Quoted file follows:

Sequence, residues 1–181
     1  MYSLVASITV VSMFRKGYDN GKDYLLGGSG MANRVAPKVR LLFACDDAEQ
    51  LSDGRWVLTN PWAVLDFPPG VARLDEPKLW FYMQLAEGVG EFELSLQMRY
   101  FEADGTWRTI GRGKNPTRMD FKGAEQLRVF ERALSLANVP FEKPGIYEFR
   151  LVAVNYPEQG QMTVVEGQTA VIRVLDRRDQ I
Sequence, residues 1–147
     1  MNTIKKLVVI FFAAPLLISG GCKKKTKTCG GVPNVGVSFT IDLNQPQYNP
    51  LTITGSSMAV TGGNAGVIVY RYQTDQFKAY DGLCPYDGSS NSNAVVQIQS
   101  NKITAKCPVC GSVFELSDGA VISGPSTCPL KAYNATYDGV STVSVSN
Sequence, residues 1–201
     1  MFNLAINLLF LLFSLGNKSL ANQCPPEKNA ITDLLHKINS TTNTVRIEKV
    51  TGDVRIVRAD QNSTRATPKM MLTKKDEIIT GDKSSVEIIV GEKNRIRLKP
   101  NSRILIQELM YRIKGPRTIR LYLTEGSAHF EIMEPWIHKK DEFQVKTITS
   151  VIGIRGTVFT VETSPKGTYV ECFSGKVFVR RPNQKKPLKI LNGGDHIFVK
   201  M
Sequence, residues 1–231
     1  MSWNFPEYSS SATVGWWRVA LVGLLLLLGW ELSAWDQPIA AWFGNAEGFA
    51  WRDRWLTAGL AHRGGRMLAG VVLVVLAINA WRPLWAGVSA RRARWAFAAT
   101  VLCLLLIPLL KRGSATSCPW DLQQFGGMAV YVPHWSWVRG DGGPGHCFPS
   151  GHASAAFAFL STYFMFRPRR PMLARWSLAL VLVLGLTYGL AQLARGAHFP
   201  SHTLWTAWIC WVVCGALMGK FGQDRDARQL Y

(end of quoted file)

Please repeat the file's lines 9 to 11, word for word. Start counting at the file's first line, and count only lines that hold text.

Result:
   101  NKITAKCPVC GSVFELSDGA VISGPSTCPL KAYNATYDGV STVSVSN
Sequence, residues 1–201
     1  MFNLAINLLF LLFSLGNKSL ANQCPPEKNA ITDLLHKINS TTNTVRIEKV